The Mechanisms and Significance of Apoptotic Cell-Mediated Immune Regulation

  • Erwei Sun
  • Yufang Shi


The discovery of apoptosis has prompted scientists in biology and medicine to explore the mechanisms and clinical significance of this fascinating phenomenon. In the last decade, accumulating evidence has revealed that apoptosis plays a pivotal role in almost every aspect of growth, differentiation and development. Although it is known that apoptotic cells are rapidly scavenged as a means to prevent inflammation, it remains to be determined whether the clearance of apoptotic cells is related to immune regulation. A review of the recent literature combined with our own work shows that apoptosis is not only a programmed and conserved process of cell death, but also exerts unique effects on the immune system, i.e. apoptotic cell-mediated immune regulation (AMIR). It seems that phagocytes, along with their cytokines released upon binding, phagocytosing and processing apoptotic cells, lie at the heart of AMIR. Investigation of AMIR will not only bring about a better understanding of many important physiological and pathological mechanisms, but also provide new hope for patients of transplantation and autoimmune diseases.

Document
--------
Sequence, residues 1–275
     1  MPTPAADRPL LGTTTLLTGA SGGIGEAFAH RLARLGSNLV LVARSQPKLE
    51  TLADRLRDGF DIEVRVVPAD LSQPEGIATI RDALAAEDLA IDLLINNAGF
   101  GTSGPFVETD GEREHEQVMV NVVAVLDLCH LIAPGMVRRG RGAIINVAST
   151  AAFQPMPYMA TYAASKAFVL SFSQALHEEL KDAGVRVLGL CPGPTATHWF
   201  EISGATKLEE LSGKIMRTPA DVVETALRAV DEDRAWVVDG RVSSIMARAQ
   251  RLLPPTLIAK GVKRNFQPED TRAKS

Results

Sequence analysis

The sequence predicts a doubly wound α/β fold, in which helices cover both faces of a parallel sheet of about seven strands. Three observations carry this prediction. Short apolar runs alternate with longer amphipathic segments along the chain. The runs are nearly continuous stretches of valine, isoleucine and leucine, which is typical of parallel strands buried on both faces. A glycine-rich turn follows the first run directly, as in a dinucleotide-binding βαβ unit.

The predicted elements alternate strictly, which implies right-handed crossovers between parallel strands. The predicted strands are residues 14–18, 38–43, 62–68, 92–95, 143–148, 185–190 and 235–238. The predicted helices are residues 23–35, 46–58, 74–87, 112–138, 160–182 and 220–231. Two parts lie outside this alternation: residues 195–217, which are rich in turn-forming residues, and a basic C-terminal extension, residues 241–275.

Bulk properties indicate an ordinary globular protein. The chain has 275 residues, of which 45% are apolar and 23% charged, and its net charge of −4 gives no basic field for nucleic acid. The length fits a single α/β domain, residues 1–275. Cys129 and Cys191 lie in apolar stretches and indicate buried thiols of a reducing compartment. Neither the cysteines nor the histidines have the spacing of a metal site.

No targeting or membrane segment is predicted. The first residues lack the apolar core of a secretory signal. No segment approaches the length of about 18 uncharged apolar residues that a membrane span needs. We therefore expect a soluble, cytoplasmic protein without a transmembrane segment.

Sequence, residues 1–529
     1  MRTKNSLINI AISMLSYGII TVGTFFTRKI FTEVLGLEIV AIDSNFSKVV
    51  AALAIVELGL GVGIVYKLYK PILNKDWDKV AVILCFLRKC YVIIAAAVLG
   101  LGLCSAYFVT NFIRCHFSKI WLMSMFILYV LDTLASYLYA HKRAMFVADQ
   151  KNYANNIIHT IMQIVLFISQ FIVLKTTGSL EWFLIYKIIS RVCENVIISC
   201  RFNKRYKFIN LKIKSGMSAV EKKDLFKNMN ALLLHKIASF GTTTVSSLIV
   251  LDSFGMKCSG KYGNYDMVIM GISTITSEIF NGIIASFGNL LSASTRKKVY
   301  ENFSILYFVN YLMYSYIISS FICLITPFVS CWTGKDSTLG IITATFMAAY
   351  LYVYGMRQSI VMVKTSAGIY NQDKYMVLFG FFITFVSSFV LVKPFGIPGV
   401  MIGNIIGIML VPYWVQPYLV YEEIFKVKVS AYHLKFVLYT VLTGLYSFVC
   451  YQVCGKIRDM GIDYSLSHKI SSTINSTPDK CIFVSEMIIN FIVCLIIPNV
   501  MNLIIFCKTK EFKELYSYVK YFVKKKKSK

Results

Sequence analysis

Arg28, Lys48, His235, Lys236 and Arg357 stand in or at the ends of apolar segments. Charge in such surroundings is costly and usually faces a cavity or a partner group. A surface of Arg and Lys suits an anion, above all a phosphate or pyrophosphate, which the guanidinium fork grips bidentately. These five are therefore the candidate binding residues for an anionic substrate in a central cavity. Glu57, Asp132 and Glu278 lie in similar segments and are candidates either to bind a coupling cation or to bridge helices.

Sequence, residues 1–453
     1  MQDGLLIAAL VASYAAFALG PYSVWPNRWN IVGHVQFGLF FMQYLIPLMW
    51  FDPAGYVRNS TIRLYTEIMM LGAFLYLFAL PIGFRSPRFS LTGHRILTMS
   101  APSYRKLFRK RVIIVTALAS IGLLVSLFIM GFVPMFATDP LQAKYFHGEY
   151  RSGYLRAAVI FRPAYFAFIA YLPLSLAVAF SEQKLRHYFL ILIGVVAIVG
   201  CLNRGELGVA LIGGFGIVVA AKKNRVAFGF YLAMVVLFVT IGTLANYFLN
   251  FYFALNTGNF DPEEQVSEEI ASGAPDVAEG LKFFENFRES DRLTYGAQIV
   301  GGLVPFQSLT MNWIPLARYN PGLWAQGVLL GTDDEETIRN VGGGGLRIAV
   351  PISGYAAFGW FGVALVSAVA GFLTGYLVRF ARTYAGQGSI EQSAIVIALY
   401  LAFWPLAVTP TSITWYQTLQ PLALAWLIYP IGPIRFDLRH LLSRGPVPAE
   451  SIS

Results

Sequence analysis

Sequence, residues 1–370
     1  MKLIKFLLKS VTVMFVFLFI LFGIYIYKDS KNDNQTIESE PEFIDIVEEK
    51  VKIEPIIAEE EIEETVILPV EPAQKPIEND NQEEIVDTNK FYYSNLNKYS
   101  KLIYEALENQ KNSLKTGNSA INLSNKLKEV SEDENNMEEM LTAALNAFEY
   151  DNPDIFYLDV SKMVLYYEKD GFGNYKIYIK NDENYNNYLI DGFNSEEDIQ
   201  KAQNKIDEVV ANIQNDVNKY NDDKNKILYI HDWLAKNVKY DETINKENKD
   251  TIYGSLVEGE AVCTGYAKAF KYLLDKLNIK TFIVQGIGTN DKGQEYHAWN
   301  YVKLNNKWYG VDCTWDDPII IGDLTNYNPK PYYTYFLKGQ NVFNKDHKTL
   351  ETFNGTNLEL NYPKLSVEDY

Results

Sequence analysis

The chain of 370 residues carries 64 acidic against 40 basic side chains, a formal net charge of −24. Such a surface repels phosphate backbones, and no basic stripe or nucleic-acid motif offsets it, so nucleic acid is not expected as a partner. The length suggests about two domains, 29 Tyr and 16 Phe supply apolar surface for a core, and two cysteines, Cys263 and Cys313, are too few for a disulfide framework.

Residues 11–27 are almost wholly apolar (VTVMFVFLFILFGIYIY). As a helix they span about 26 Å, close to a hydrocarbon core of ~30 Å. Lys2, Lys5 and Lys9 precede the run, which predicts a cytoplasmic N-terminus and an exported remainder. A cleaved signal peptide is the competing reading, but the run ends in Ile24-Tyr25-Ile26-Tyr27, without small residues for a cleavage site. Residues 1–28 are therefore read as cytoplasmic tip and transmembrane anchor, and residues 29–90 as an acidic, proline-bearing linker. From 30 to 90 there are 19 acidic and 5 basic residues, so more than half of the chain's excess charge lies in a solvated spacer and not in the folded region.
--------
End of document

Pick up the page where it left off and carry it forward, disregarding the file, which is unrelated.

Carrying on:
Systemic Lupus Erythematosus Apoptotic Cell Systemic Lupus Erythematosus Patient Kupffer Cell Immune Tolerance 
These keywords were added by machine and not by the authors. This process is experimental and the keywords may be updated as the learning algorithm improves.


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© Springer Science+Business Media New York 2003

Authors and Affiliations

  1. 1.Organ Transplantation DepartmentZhujiang HospitalGuangzhouChina
  2. 2.Molecular Genetics, Microbiology and ImmunologyUniversity of Medicine and Dentistry of New JerseyPiscatawayUSA

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